Q: What is Candida auris?

A: Candida auris is a fungus that, when it gets into the bloodstream, can cause dangerous infections that can be life-threatening. Scientists first identified it in 2009 in a patient in Japan. In recent years, it has emerged around the world — including in the United States — largely in hospitals and nursing homes.


Q: Why is it so dangerous?

A: C. auris is often resistant to major antifungal drugs that are typically used to treat such infections. The Centers for Disease Control and Prevention says that more than 90 percent of C. auris infections are resistant to at least one such drug, while 30 percent are resistant to two or more major drugs. Once the germ is present, it is hard to eradicate from a facility.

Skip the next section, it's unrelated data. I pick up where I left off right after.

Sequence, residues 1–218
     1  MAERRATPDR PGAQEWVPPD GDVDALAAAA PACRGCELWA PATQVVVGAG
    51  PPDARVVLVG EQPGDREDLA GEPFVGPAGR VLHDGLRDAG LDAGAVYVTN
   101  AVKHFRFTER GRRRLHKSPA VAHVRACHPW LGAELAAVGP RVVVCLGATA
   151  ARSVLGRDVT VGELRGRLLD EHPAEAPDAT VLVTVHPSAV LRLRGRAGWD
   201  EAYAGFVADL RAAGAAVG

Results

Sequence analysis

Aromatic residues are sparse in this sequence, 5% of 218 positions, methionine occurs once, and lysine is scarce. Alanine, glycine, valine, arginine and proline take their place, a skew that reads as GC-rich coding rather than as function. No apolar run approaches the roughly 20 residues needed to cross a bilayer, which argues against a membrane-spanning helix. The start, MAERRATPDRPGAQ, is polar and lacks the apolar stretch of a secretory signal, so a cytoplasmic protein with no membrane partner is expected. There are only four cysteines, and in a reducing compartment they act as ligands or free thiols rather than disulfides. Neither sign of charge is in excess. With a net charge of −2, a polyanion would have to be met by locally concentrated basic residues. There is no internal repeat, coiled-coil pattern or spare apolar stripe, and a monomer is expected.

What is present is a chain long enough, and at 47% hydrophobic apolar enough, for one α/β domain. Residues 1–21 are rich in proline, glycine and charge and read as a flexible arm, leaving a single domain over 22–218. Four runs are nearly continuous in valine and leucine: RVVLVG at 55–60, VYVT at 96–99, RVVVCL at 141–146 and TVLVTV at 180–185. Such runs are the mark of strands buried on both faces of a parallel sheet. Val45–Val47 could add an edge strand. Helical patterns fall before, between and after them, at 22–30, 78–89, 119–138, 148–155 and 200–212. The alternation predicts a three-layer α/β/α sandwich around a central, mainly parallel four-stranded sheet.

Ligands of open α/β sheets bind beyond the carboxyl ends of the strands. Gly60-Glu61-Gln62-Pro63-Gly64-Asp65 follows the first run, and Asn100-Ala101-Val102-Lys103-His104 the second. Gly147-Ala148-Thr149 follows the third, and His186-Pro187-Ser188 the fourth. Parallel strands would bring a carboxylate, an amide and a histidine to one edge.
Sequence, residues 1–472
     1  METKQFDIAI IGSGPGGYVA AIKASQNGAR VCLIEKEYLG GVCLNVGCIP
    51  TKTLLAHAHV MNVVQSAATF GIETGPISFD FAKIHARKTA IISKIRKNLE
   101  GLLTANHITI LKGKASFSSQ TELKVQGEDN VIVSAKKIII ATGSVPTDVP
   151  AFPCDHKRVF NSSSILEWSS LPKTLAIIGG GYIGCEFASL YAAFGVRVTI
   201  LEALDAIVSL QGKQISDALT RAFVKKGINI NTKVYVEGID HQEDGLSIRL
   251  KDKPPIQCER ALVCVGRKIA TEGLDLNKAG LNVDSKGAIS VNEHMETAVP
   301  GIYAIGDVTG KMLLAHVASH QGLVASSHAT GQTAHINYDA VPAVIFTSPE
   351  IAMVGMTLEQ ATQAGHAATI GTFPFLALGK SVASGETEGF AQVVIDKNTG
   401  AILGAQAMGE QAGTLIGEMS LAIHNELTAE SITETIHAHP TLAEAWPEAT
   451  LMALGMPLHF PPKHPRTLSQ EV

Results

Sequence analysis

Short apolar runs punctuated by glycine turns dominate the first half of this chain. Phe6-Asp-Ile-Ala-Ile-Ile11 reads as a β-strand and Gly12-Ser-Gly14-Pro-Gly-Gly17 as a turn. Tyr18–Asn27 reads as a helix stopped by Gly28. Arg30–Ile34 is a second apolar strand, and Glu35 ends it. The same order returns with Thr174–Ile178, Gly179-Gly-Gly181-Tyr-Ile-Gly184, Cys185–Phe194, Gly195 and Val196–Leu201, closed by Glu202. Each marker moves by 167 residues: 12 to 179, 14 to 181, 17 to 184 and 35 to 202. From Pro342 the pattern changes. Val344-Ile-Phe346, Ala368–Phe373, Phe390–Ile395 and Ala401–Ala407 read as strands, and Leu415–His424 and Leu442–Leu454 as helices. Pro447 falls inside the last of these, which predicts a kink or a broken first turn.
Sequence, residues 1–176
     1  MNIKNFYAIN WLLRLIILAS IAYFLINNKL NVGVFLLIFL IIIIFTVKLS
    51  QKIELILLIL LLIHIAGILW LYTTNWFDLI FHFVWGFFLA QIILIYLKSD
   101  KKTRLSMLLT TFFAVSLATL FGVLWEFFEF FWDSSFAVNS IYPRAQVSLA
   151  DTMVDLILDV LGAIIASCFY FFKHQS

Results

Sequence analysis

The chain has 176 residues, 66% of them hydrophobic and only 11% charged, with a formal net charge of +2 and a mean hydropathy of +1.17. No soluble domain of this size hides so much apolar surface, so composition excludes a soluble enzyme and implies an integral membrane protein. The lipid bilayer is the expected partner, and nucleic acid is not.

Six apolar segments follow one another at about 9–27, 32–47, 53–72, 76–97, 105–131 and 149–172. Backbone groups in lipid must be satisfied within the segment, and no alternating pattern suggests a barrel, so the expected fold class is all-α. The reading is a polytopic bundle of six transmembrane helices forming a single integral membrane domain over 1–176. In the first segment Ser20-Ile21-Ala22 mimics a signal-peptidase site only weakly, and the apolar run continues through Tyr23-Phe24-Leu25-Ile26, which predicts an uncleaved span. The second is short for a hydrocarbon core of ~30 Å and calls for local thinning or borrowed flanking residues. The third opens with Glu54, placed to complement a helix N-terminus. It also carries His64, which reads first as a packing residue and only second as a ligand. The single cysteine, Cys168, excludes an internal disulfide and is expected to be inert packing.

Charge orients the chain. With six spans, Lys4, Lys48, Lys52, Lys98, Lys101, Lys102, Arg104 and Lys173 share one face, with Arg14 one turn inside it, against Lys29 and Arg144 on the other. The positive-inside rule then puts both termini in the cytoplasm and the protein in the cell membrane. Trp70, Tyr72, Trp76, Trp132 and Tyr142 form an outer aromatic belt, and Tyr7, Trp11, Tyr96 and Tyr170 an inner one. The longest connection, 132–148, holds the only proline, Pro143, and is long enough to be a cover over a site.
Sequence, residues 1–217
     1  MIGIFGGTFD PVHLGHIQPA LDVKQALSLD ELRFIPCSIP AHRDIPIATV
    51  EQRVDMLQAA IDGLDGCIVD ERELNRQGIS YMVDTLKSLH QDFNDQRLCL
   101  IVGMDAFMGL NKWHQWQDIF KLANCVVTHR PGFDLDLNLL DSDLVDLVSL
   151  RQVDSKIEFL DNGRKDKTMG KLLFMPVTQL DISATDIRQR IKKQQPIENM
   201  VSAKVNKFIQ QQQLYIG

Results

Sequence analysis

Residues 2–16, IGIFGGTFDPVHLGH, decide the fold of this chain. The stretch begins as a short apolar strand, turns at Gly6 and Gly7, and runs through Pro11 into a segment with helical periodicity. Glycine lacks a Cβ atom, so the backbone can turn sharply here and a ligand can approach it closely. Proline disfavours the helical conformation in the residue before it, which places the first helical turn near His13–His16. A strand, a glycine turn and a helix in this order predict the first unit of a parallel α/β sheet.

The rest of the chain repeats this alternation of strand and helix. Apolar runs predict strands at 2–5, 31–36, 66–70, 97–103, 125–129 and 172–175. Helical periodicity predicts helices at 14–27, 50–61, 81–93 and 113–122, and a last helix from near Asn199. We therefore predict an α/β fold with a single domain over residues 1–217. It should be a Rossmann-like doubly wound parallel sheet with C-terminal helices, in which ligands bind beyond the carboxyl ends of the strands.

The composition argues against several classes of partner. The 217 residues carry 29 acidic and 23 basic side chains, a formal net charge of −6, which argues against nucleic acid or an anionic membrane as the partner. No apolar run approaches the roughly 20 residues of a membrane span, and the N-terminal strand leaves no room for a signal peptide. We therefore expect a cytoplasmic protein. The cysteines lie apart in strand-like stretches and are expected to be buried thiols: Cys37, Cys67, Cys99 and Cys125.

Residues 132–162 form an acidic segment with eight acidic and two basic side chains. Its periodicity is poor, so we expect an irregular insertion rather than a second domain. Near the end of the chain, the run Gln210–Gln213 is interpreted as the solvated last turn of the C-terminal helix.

Q: Who is at risk?

A: People with compromised or weakened immune systems are the most vulnerable. This includes elderly people and people who are already sick; in at least one case, newborns were infected at a neonatal unit.


Q: Why haven’t people heard about this?

A: The rise of C. auris has been little publicized in part because it is so new. But also, outbreaks have at times been played down or kept confidential by hospitals, doctors, even governments. Some hospitals and medical professionals argue that because precautions are taken to prevent the spread, publicizing an outbreak would scare people unnecessarily.


Q: Can I do anything to protect myself?

A: The symptoms of C. auris — fever, aches, fatigue — are not unusual, so it is hard to recognize the infection without testing. The good news is that the threat of becoming sick with C. auris is very low for healthy people going about their daily lives. If you or a loved one is in a hospital or nursing home, you can ask if there have been cases of Candida auris there. If so, it is reasonable to request that proper infection-control precautions are taken.

New York Times